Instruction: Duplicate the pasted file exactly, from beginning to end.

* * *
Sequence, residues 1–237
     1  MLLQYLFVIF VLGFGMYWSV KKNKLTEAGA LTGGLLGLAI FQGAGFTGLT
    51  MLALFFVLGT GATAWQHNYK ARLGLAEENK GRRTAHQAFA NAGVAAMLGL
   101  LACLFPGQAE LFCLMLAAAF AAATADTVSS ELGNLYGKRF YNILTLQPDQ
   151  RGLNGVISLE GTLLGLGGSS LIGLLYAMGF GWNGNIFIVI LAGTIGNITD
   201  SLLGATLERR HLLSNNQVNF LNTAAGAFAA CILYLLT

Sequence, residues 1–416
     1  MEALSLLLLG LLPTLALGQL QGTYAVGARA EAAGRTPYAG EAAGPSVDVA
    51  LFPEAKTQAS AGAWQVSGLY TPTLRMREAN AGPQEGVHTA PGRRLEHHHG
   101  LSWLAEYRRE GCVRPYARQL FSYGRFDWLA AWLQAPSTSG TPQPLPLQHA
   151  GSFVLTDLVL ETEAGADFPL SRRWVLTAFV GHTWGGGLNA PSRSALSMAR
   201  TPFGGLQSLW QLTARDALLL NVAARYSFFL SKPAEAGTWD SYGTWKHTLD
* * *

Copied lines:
Sequence, residues 1–237
     1  MLLQYLFVIF VLGFGMYWSV KKNKLTEAGA LTGGLLGLAI FQGAGFTGLT
    51  MLALFFVLGT GATAWQHNYK ARLGLAEENK GRRTAHQAFA NAGVAAMLGL
   101  LACLFPGQAE LFCLMLAAAF AAATADTVSS ELGNLYGKRF YNILTLQPDQ
   151  RGLNGVISLE GTLLGLGGSS LIGLLYAMGF GWNGNIFIVI LAGTIGNITD
   201  SLLGATLERR HLLSNNQVNF LNTAAGAFAA CILYLLT

Sequence, residues 1–416
     1  MEALSLLLLG LLPTLALGQL QGTYAVGARA EAAGRTPYAG EAAGPSVDVA
    51  LFPEAKTQAS AGAWQVSGLY TPTLRMREAN AGPQEGVHTA PGRRLEHHHG
   101  LSWLAEYRRE GCVRPYARQL FSYGRFDWLA AWLQAPSTSG TPQPLPLQHA
   151  GSFVLTDLVL ETEAGADFPL SRRWVLTAFV GHTWGGGLNA PSRSALSMAR
   201  TPFGGLQSLW QLTARDALLL NVAARYSFFL SKPAEAGTWD SYGTWKHTLD